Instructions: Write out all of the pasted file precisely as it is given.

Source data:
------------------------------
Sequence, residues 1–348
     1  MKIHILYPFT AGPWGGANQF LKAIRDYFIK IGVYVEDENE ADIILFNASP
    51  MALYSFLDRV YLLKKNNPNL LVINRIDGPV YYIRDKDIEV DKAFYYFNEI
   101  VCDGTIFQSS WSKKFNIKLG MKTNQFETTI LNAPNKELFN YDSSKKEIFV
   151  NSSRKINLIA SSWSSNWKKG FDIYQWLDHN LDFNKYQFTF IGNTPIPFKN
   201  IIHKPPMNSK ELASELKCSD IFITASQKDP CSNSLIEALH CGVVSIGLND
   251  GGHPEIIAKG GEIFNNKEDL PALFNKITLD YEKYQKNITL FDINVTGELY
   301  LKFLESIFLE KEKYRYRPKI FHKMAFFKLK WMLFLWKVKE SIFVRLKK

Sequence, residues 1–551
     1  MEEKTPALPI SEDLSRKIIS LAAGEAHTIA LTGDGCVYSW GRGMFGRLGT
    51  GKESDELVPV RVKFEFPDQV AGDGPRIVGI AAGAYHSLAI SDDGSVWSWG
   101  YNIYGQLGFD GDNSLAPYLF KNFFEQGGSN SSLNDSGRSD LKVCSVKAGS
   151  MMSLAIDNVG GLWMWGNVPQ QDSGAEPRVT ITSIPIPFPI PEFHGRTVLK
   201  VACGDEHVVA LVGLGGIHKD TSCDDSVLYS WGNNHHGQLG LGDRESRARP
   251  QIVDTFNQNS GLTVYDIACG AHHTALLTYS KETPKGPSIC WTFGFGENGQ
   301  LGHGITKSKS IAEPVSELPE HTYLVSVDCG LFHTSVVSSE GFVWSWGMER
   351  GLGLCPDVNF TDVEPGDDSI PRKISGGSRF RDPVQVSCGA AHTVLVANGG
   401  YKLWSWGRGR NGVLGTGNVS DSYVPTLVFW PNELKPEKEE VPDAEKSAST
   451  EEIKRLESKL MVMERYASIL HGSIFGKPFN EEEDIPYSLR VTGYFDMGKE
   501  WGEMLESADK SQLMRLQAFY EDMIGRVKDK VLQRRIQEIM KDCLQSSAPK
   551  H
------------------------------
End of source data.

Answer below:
Sequence, residues 1–348
     1  MKIHILYPFT AGPWGGANQF LKAIRDYFIK IGVYVEDENE ADIILFNASP
    51  MALYSFLDRV YLLKKNNPNL LVINRIDGPV YYIRDKDIEV DKAFYYFNEI
   101  VCDGTIFQSS WSKKFNIKLG MKTNQFETTI LNAPNKELFN YDSSKKEIFV
   151  NSSRKINLIA SSWSSNWKKG FDIYQWLDHN LDFNKYQFTF IGNTPIPFKN
   201  IIHKPPMNSK ELASELKCSD IFITASQKDP CSNSLIEALH CGVVSIGLND
   251  GGHPEIIAKG GEIFNNKEDL PALFNKITLD YEKYQKNITL FDINVTGELY
   301  LKFLESIFLE KEKYRYRPKI FHKMAFFKLK WMLFLWKVKE SIFVRLKK

Sequence, residues 1–551
     1  MEEKTPALPI SEDLSRKIIS LAAGEAHTIA LTGDGCVYSW GRGMFGRLGT
    51  GKESDELVPV RVKFEFPDQV AGDGPRIVGI AAGAYHSLAI SDDGSVWSWG
   101  YNIYGQLGFD GDNSLAPYLF KNFFEQGGSN SSLNDSGRSD LKVCSVKAGS
   151  MMSLAIDNVG GLWMWGNVPQ QDSGAEPRVT ITSIPIPFPI PEFHGRTVLK
   201  VACGDEHVVA LVGLGGIHKD TSCDDSVLYS WGNNHHGQLG LGDRESRARP
   251  QIVDTFNQNS GLTVYDIACG AHHTALLTYS KETPKGPSIC WTFGFGENGQ
   301  LGHGITKSKS IAEPVSELPE HTYLVSVDCG LFHTSVVSSE GFVWSWGMER
   351  GLGLCPDVNF TDVEPGDDSI PRKISGGSRF RDPVQVSCGA AHTVLVANGG
   401  YKLWSWGRGR NGVLGTGNVS DSYVPTLVFW PNELKPEKEE VPDAEKSAST
   451  EEIKRLESKL MVMERYASIL HGSIFGKPFN EEEDIPYSLR VTGYFDMGKE
   501  WGEMLESADK SQLMRLQAFY EDMIGRVKDK VLQRRIQEIM KDCLQSSAPK
   551  H